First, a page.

Chris Kelly & Nicole Gibson is a Canadian indie-synth quintet who revealed the single Swim To You on the 20th which will be on a forthcoming EP.
Chris Kelly and Nicole Gibson – photo credit May Hunter McMartin
Today, as I type, it is a warm and bright summers day and somehow Swim To You minds me that it would be opportune to make a few calls and see who is available to head out for an alfresco party.
While easy on the ears, in Swim To You, Chris Kelly & Nicole Gibson are able to retain attention with luxurious harmonised vocal and a synth which meanders in to a piano, violin and a double bass, completed by mellowed guitar, burbling brook bass and silky percussion creating a song of many hues of colour.
An intriguing four and a twelfth minutes song (available on bandcamp) which straddles to anchors of very different construct.
A burring rock percussion and bass which gives the track impetus and gravitas is topped by a boy-band style vocal with guitar gently sewing the two together. Far from natural audiences of either party recoiling in horror I do posit – give it a few moments on your ear and whichever camp you start from – within the first half a minute or so the contrasts will not seem like an arch nemesis – rather a natural amalgam and by the end likely to be interested to discover more of the catalogue.
The Canadian garage-rock quartet The Flatliners release the three track single Mass Candescence on the 15th.
After fifteen years out and about with numerous releases and innumerable shows one could understand if The Flatliners sounded a little bored by it all – yet far from it – the newest single, as evidenced by the first song on the release – The Arousal Of Despair (available on vinyl via Dine Alone Records) – attests to a quartet who are as fresh and enthused as the day they started out.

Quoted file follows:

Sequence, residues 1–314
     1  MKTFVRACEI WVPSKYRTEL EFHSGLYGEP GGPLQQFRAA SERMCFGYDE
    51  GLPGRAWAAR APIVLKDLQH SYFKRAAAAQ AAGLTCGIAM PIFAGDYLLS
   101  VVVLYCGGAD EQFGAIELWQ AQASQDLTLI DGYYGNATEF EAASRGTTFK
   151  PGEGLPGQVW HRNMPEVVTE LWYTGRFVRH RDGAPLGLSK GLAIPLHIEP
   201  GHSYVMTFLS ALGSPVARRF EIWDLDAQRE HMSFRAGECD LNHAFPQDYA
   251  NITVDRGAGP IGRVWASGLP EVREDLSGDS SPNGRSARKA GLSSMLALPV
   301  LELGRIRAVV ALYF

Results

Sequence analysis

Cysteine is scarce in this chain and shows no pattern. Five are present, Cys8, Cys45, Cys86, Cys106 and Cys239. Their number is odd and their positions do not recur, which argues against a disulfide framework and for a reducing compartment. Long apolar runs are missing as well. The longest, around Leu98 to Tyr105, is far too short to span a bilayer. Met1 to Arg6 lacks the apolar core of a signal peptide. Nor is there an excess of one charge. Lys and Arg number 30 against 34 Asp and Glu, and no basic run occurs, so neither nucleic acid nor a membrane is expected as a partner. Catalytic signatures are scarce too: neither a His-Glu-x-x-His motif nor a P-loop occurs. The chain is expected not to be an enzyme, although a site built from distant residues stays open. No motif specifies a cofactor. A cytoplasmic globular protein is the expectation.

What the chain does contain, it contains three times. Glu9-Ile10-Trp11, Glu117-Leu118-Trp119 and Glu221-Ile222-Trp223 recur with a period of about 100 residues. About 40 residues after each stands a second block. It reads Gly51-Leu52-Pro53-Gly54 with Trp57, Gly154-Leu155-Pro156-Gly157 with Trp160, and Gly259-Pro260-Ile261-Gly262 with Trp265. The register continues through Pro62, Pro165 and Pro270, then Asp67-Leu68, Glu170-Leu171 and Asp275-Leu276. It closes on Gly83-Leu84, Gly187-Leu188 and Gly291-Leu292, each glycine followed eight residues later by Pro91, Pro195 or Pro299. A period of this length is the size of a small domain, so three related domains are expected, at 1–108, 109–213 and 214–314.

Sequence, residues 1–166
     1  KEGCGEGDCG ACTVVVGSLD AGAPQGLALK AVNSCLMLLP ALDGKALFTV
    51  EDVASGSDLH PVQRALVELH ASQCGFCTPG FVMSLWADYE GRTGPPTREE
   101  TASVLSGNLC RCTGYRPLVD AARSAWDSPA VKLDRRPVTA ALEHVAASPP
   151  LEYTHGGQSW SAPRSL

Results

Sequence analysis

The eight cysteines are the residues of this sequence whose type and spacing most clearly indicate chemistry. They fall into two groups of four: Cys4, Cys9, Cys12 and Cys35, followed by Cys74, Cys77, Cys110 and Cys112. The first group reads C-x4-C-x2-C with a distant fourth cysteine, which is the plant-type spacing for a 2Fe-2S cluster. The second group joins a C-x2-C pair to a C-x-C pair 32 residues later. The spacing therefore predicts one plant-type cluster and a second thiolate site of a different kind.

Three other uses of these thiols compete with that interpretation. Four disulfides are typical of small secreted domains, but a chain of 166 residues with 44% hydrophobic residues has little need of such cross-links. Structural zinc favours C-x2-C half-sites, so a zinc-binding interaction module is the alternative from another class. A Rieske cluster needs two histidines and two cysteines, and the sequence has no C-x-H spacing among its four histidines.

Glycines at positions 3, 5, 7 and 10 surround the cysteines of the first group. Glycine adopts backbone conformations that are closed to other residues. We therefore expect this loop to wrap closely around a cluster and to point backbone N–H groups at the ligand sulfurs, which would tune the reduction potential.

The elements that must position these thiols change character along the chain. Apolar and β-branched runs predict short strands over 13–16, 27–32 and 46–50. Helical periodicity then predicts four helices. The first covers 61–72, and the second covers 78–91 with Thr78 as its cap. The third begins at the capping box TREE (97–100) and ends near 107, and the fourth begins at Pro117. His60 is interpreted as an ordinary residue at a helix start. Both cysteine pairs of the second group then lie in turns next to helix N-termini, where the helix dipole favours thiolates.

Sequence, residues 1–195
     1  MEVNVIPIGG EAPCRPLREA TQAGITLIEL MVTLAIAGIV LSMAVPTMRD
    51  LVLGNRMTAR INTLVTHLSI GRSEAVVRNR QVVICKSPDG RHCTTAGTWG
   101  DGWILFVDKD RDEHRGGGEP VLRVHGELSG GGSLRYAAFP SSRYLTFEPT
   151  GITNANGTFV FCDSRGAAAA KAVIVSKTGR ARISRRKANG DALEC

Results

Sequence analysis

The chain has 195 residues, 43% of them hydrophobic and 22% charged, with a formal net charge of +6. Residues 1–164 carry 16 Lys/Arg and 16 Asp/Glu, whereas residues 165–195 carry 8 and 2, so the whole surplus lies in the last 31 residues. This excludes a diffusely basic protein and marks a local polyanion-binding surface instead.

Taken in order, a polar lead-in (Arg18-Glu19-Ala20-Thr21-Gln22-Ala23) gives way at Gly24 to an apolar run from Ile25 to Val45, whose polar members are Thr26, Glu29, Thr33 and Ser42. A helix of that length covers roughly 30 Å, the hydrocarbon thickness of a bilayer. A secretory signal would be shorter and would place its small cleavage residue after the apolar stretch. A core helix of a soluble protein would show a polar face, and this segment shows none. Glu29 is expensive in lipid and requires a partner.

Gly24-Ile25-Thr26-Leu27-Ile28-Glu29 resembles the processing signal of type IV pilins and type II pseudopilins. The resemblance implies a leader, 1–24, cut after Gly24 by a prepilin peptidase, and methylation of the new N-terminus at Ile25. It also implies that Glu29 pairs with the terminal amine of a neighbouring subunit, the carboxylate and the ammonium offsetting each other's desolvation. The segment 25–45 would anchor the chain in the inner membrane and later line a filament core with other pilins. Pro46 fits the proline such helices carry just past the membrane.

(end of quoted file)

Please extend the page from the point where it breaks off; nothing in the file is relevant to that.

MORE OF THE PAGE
Sure the garage may have smarter walls and a fancy roof with shinier cars in the driveway – but it is still a garage despite all that and the listener is soaked in the earthy grit of the music, not festooned by schmaltz.
It was back in 2014 that the Canadian folk-rock quintet Echo Nebraska last featured with their début EP Send The Ships, it is therefore with some pleasure to return with news of their latest (and follow-up) LP Hold Up To The Fire which was released on the 1st of June.
Echo Nebraska – photo by @njdav
Although Echo Nebraska have not been completely hidden away from sight, regularly playing live, the death of one of the trio of founding members Gunn Park has found they have remained away from the studio until now.
In recognition of their travails over the years and the respect with which they still hold Gunn, the song and title track – Hold Up The Fire, which is the fourth of the ten of the thirty seven’ish minutes of the melancholic folk rooted album – which is full of gems – too whom it was written in dedication, seems an apposite re-introduction and I merely hope that having broken the fast they feel able to reveal more music without the, understandable, four year gap for those of us spread more widely than able to catch them live.
Time to start packing away the chapter of what has been a month of admin issues with the site having fallen over for a day and a bit, with the Editors’ Choice for band of the month – not that the music has been other than an ever present daily delight – here’s to less troublesome June.
Scratch Buffalo – photo by Johanna Hung Photography